The U.S. proposal in the TPP contains a mostly closed-list set of very narrow exceptions to circumvention of a TPM while also including a three-year rulemaking process mirrored on the DMCA’s process of permitting an administrative or legislative procedure to add additional limitations and exceptions for a three-year period. This process is often time and resource consuming, taking more than a year from the time a proponent issues his request and the time that the exemption is granted or denied. Furthermore, the U.S. proposal in the TPP goes beyond the DMCA by imposing a “substantial evidence” burden on proponents.

The USPTO green paper supports legislative or regulatory solutions to the issue concerning the unlocking of cell phones and acknowledges that “The Administration and Library of Congress agree that the DMCA rule-making process ‘was not intended to be a substitute for deliberations of broader public policy,” suggesting that a permanent solution may be needed rather than requiring proponents of this exemption to go through the DMCA rulemaking process every three years. If the United States proposal in the TPP is accepted, however, such a permanent exemption would violate the obligations under the TPP.

Despite the support for such a solution, the United States is one of only two countries wholly opposing more flexible approaches to TPMs:

Article QQ.G.12167: {Technological Protection Measures}
[CL/NZ/PE/VN/MY/BN/JP propose; AU/US oppose:
1. [PE/SG oppose: Each Party [VN propose: may] [VN oppose: shall] provide legal protections and remedies against the circumvention of effective technological protection measures in their domestic copyright laws where circumvention is for purposes of infringing the exclusive rights of copyright [NZ oppose: or related rights] owners.]

2. Each Party may provide that such protections and remedies shall not hinder or prevent uses of copyright or related rights protected material that are permitted under exceptions or limitations to the exclusive rights of copyright [NZ oppose: and related rights] owners, or the use of materials that are in the public domain.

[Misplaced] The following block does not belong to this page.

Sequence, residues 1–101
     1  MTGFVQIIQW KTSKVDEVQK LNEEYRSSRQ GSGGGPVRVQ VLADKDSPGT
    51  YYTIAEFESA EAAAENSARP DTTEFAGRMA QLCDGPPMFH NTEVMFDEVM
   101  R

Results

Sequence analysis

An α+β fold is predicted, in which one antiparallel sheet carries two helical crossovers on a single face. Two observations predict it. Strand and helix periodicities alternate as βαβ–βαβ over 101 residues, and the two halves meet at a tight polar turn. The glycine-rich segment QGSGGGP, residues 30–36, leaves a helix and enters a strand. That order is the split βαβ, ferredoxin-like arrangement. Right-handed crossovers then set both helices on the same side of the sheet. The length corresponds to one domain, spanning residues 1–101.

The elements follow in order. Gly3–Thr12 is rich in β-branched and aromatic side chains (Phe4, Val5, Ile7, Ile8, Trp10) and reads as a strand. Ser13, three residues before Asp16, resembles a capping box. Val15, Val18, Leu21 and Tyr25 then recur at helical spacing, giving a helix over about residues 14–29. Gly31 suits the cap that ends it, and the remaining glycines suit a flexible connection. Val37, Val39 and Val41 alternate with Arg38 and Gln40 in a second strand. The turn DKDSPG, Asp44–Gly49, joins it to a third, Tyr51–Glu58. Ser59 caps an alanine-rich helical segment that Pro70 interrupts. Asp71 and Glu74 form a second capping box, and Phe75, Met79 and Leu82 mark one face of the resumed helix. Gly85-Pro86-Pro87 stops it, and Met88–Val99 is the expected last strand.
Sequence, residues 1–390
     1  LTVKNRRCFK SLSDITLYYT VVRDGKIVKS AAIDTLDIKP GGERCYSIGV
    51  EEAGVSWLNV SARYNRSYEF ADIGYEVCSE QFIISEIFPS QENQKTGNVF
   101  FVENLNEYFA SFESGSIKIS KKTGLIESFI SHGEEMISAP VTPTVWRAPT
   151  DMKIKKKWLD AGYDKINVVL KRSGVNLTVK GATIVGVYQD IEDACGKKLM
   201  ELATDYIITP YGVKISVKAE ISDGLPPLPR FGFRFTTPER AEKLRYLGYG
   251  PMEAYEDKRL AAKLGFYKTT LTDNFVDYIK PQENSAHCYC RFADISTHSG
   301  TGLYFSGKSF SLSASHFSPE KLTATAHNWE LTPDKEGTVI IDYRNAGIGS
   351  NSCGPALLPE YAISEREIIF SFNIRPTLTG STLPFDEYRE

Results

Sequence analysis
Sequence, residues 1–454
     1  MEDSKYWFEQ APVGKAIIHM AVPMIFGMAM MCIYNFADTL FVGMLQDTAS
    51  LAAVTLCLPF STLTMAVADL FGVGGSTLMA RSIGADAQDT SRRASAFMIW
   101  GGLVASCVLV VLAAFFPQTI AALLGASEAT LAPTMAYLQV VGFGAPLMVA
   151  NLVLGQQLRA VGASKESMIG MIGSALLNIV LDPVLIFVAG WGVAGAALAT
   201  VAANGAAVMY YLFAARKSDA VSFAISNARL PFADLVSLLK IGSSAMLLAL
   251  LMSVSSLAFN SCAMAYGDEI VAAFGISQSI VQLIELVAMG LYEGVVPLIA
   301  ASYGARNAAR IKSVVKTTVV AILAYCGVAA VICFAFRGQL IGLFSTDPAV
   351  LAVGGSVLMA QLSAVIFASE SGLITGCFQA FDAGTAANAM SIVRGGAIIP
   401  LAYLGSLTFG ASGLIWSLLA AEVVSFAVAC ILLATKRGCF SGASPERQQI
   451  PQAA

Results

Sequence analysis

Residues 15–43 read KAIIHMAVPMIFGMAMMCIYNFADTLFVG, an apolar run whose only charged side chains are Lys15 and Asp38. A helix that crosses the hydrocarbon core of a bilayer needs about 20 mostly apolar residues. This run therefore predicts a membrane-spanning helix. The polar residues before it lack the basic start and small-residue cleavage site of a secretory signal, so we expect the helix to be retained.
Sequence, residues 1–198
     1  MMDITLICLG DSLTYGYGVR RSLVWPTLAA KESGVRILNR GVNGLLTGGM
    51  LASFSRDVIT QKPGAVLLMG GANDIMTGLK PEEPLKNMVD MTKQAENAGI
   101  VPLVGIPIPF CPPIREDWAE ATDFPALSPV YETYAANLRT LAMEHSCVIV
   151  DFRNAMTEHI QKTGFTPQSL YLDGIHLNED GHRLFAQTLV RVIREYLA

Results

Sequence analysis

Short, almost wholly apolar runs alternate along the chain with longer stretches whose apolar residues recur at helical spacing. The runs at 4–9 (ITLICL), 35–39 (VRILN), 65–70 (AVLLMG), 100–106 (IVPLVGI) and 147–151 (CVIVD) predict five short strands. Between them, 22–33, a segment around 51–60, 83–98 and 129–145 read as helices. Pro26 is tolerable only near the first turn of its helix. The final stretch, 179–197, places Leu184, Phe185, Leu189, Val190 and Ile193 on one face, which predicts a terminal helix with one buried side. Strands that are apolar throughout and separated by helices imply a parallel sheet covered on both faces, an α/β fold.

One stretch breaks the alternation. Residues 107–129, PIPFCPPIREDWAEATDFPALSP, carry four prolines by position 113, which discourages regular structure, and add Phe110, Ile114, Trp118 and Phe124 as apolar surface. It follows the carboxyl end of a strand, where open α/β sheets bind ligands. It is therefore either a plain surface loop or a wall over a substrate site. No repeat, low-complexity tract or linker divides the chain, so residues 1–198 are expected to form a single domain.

[PE/SG: It is understood that nothing in this Article prevents a Party from adopting effective and necessary measures to ensure that a beneficiary may enjoy limitations and exceptions provided in that Party’s national law, in accordance with Article QQG16, where technological measures have been applied to a work, performance or phonogram, and the beneficiary has legal access to that work, performance or phonogram particularly in circumstances such as where appropriate and effective measures have not been taken by rights holders in relation to that work, performance or phonogram to enable the beneficiary to enjoy the limitations and exceptions under that Party’s national law.168]

3. Subject to each Party’s international obligations, the Parties affirm that they may
establish provisions to facilitate the exercise of permitted acts where technological
measures have been applied.]

165 Negotiator’s Note: CA is considering paragraph (f).
166 Negotiators’ Note: NZ/PE/CA/AU/MX/MY/BN/VN support in principle pending drafting consultations.
167 Negotiator’s note: SG/CA/MX is willing to consider a more flexible approach to TPM provisions.
168 Negotiator’s Note: MY/VN/CL does not object in principle but needs to reflect further on the language.
Although we applaud USPTO’s support of a legislative or regulatory solution to the cell-phone unlocking issue, we note that such a solution could be prevented or hindered by the text of the TPP. USPTO, as a member of the US delegation at TPP negotiating members, should take care to ensure that its support for reforms are not undercut in the TPP negotiations.

Although the Obama Administration phones claims to support consumer choice and ability to unlock phone, behind the secrecy of the TPP the White House is advocating for positions that would lock in current rules on digital locks and prevent permanent exceptions to circumvention of TPMs, including, for example, to unlock cell phones.

As Derek Khanna noted on Slate:

The worst part: While the White House was publicly proclaiming its support of cellphone unlocking, it was secretly negotiating a treaty that would ban it.

[. . .]

The leaked treaty draft shows that while the White House was championing restoring free market principles to phones, the U.S. proposed that the TPP lock in the process that allowed the Librarian of Congress to rule this technology as illegal through international law. This would make potential reforms like H.R. 1892 impossible.* It should be noted that Canada did submit an amendment proposal that could allow unlocking, but neither the United States nor any other country supported it.

But the TPP draft doesn’t stop there. It would ban numerous other technologies that have beneficial uses.

In particular, the legislation would ensure that jailbreaking—which is installing a different operating system, or altering the existing operating system, on your phone, tablet, or e-reader—would also be illegal without permission from the Librarian of Congress (making a permanent fix impossible,). What type of nation would arrest 23 million people for installing a different operating system, or altering an existing one, on their own device?